Etymology
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cannon (n.)

c. 1400, "artillery piece, mounted gun for throwing projectiles by force of gunpowder," from Anglo-French canon (mid-14c.), Old French canon (14c.), from Italian cannone "large tube, barrel," augmentative of Latin canna "reed, tube" (see cane (n.)). The double -n- spelling to differentiate it from canon is from c. 1800. Cannon fodder (1847) translates German kanonenfutter (compare Shakespeare's food for powder in "I Hen. IV").

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gung ho (adj.)

also gung-ho, gungho, 1942, slang motto of Carlson's Raiders (2nd Marine Raider Battalion, under Lt. Col. Evans Carlson, 1896-1947), U.S. guerrilla unit operating in the Pacific in World War II, from Chinese kung ho "work together, cooperate." Widely adopted in American English 1959.

Borrowing an idea from China, Carlson frequently has what he calls 'kung-hou' meetings .... Problems are threshed out and orders explained. [New York Times Magazine, Nov. 8, 1942]
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gunnel (n.)

small marine fish, 1680s, of unknown origin; perhaps from Cornish.

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gunny (n.2)

1940s, Armed Forces slang, short for gunnery sergeant.

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gunk (n.)

"viscous substance," 1949, American English, apparently from Gunk, trademark for a thick liquid soap patented 1932 by A.F. Curran Co. of Malden, Mass.

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gunny (n.1)

1711, Anglo-Indian goney name of a strong, coarse fabric made from jute or hemp, from Hindi goni, from Sanskrit goni "sack." Gunny sack attested by 1862.

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limber (n.)

"detachable forepart of a field-gun carriage," 1620s, alteration of Middle English lymer (early 15c.), earlier lymon (c. 1400), probably from Old French limon "shaft," a word perhaps of Celtic origin, or possibly from Germanic and related to limb (n.1). Compare related Spanish limon "shaft," leman "helmsman."

The nautical limber "hole cut in floor timbers to allow water to drain" (1620s), however, appears to be unrelated; perhaps from French lumière "hole, perforation," literally "light."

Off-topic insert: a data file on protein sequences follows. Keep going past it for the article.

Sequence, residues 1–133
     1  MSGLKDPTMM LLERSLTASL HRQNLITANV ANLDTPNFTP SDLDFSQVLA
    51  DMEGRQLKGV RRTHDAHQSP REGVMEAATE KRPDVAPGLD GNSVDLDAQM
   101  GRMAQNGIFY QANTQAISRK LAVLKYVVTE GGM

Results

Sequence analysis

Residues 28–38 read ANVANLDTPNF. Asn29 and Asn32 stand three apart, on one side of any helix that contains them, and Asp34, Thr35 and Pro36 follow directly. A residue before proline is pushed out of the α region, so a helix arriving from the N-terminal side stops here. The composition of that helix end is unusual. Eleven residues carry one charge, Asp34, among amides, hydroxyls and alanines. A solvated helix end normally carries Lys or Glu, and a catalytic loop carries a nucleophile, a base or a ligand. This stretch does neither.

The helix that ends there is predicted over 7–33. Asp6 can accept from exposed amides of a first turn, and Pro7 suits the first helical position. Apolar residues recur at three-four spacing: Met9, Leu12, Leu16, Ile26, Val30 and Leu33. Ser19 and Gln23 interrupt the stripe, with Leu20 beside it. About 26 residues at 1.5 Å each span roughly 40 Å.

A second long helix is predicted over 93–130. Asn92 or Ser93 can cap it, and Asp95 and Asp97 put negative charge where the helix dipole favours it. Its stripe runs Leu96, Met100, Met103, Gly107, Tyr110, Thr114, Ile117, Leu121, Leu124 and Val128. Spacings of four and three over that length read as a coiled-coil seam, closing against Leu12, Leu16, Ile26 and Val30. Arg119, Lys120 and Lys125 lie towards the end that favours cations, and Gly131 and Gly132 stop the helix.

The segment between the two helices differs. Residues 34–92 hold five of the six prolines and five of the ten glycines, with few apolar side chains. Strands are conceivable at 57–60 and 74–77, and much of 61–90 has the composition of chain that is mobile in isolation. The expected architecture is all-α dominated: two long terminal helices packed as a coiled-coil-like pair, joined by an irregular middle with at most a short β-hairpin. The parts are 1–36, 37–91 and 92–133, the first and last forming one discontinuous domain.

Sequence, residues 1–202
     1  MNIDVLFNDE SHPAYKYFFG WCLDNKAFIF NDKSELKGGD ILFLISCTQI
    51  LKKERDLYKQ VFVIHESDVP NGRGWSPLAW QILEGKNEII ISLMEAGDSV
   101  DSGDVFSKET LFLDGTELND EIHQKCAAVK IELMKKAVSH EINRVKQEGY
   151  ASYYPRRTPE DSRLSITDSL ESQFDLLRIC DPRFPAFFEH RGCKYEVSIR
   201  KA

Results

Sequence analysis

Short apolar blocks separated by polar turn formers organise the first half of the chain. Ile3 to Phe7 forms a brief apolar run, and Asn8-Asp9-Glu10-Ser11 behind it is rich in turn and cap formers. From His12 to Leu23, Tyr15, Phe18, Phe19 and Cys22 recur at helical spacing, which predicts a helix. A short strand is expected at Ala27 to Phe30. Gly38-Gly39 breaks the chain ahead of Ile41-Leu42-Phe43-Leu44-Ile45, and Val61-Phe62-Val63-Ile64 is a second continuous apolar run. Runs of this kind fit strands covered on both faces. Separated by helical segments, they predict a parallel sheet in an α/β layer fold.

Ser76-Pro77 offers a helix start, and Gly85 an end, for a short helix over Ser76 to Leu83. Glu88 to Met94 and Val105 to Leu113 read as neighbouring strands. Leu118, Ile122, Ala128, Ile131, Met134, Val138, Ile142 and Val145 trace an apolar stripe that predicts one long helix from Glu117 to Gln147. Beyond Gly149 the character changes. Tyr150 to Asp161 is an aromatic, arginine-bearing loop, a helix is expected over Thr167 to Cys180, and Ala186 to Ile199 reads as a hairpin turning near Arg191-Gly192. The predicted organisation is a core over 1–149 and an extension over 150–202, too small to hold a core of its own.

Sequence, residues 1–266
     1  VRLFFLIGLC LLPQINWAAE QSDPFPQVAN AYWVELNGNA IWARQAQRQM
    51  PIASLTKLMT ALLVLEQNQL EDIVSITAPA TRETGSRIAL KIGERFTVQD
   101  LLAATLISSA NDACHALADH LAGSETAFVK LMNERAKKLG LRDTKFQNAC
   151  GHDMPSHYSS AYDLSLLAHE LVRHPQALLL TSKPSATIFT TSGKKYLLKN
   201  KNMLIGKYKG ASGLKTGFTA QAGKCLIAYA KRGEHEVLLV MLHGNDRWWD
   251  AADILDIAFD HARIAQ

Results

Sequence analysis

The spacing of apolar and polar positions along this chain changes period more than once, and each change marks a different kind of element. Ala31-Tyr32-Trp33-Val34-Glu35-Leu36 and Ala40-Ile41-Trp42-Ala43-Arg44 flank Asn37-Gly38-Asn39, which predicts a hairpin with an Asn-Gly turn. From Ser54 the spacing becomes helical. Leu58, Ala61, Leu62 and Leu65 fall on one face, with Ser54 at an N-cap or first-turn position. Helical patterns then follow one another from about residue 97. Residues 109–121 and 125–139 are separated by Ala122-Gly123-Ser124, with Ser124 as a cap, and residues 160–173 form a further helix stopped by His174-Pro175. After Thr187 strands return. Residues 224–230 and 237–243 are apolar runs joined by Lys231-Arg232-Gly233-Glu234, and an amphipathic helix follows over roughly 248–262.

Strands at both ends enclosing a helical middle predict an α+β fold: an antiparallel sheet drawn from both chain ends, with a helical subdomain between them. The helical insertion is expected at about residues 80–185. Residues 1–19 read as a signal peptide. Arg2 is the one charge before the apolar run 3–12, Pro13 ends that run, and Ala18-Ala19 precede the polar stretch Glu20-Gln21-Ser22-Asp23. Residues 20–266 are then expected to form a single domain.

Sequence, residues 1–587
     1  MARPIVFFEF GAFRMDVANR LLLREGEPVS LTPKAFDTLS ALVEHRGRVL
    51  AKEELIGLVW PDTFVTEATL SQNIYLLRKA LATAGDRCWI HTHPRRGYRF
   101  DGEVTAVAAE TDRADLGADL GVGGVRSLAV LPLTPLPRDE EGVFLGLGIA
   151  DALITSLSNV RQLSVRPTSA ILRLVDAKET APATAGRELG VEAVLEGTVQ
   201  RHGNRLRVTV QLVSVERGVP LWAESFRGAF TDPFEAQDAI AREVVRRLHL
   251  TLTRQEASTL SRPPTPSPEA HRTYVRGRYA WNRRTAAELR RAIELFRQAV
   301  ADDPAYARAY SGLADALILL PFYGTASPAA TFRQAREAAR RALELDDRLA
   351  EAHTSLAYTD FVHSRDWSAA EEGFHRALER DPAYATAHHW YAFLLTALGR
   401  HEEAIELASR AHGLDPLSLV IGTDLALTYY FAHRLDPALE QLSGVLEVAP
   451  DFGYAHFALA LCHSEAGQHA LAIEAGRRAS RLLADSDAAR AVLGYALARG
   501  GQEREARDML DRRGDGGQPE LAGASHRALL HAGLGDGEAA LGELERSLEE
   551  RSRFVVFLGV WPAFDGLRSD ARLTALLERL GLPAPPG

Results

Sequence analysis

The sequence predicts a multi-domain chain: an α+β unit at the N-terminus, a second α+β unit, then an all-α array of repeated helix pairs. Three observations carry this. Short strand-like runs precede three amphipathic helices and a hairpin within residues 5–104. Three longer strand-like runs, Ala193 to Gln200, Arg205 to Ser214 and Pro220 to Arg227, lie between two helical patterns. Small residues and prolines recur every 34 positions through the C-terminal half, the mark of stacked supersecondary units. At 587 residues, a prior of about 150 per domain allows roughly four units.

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barrel (n.)

"cylindrical vessel or cask, generally bulging in the middle and made of wooden staves bound by hoops," c. 1300, from Old French baril "barrel, cask, vat" (12c.), with cognates in all Romance languages (Italian barile, Spanish barril, etc.), but of unknown origin. Also a measure of capacity of varying quantity.

The meaning "metal tube of a gun" is from 1640s. Barrel-roll (n.) in aeronautics is from 1920. To be over a barrel figuratively, "in a helpless or vulnerable condition," is by 1914 and might suggest corporal punishment.

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muzzle (n.)

late 14c., mosel, "device put over an animal's mouth to stop it from biting, eating, or rooting," from Old French musel "muzzle," also "snout, nose" (12c., Modern French museau), from muse "muzzle," from Gallo-Roman *musa "snout" (source also of Provençal mus, Old Spanish mus, Italian muso), a word of unknown origin, possibly related to Latin morsus "bite" (but OED finds "serious difficulties" with this).

Meaning "projecting jaws and nose of the head of an animal" is from early 15c.; sense of "open end of a firearm" is recorded from 1560s. Muzzle-loader "gun loaded from the muzzle" (opposed to breech-loader) is by 1858.

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thunder (n.)

mid-13c., from Old English þunor "thunder, thunderclap; the god Thor," from Proto-Germanic *thunraz (source also of Old Norse þorr, Old Frisian thuner, Middle Dutch donre, Dutch donder, Old High German donar, German Donner "thunder"), from PIE *(s)tene- "to resound, thunder" (source also of Sanskrit tanayitnuh "thundering," Persian tundar "thunder," Latin tonare "to thunder"). Swedish tordön is literally "Thor's din." The unetymological -d- also is found in Dutch and Icelandic versions of the word (compare sound (n.1)). Thunder-stick, imagined word used by primitive peoples for "gun," attested from 1904.

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